One thing about Black Sun that appealed to Musetti was that the novel’s setting was inspired by the civilizations of pre-Columbian America, rather than the typical European fantasy worlds of knights, elves, and dragons. Another thing she appreciated was the distinctive Roanhorse characters.
“I would argue in my paper that ‘Black Sun’ is a novel where the characters are deeply affected by the stories surrounding their identities and cultures,” she said. “What makes (the characters) monstrous are the stories told about them.”
Sweeten will join colleagues in the ENMU Department of Languages and Literature, Micah Donohue and Ben Fuqua for a conference session titled “Adaptation of Fantasy and the Fantasy of Adaptation.”
“It’s about the different forms of fictional work in film and television,” Sweetin said. He looks at the Amazon Prime Video adaptation of Robert Jordan’s The Wheel of Time novel series. He said that fans stop adapting being true to the books.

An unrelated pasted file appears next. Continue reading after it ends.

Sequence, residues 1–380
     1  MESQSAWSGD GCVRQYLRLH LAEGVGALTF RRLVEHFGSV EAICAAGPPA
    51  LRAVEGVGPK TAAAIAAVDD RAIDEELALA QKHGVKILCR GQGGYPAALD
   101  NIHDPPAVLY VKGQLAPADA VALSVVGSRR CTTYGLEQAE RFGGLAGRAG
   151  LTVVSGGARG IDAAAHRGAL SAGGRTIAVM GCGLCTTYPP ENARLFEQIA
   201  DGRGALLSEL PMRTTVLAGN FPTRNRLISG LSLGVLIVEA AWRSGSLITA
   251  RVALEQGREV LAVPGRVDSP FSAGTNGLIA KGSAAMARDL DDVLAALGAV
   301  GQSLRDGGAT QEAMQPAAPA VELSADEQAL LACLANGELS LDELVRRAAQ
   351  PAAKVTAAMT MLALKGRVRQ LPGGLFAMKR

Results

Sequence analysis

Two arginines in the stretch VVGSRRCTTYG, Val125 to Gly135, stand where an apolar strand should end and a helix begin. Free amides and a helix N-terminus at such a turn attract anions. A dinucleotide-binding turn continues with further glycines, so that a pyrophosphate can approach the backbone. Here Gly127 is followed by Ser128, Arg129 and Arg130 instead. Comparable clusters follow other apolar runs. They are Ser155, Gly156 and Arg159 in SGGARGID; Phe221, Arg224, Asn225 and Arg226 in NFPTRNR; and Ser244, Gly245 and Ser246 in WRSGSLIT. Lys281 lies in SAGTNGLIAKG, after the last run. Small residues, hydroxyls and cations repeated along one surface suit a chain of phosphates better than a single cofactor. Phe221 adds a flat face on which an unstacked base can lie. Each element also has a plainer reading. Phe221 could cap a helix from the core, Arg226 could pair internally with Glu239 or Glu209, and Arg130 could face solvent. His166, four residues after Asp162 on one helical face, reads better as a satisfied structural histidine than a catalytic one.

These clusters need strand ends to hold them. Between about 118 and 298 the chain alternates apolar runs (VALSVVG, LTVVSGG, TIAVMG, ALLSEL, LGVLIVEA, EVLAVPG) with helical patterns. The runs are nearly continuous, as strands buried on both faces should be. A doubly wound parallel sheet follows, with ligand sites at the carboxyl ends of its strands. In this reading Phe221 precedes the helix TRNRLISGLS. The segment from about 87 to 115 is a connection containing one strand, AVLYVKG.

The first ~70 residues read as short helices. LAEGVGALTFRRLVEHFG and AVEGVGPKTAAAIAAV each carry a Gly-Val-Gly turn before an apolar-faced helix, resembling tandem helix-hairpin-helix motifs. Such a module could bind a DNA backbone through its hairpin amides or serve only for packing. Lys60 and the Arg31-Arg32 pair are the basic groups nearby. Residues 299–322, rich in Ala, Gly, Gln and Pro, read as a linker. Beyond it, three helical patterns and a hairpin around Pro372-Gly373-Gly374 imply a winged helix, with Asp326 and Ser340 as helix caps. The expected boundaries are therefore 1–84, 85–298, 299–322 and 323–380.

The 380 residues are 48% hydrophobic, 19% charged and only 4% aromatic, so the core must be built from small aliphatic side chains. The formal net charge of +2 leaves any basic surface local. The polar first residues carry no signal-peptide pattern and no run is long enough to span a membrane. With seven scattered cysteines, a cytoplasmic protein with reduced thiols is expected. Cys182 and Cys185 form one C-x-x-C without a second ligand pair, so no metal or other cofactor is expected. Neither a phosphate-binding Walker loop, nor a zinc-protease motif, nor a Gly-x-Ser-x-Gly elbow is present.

“The Wheel of Time books and series are an accurate retelling of the Arthurian tales,” he said. “The tales of King Arthur and his knights are told over and over again, but always changed. It’s not about being true to what you adapt to, it’s about being true to the heart of what you adapt to.”
if you go
What: 44th Congress of the American Southwestern/Popular Culture Association.
when: Wednesday, February 22nd, through Saturday, February 25th. For the full schedule, go to southpca.org, click on Conference, then on Conference Programs and then Program 2023 Final.
where: Albuquerque Marriott, 2101 Northeast Louisiana.
it costs: The general public can pay a $125 registration fee covering the entire conference at the hotel.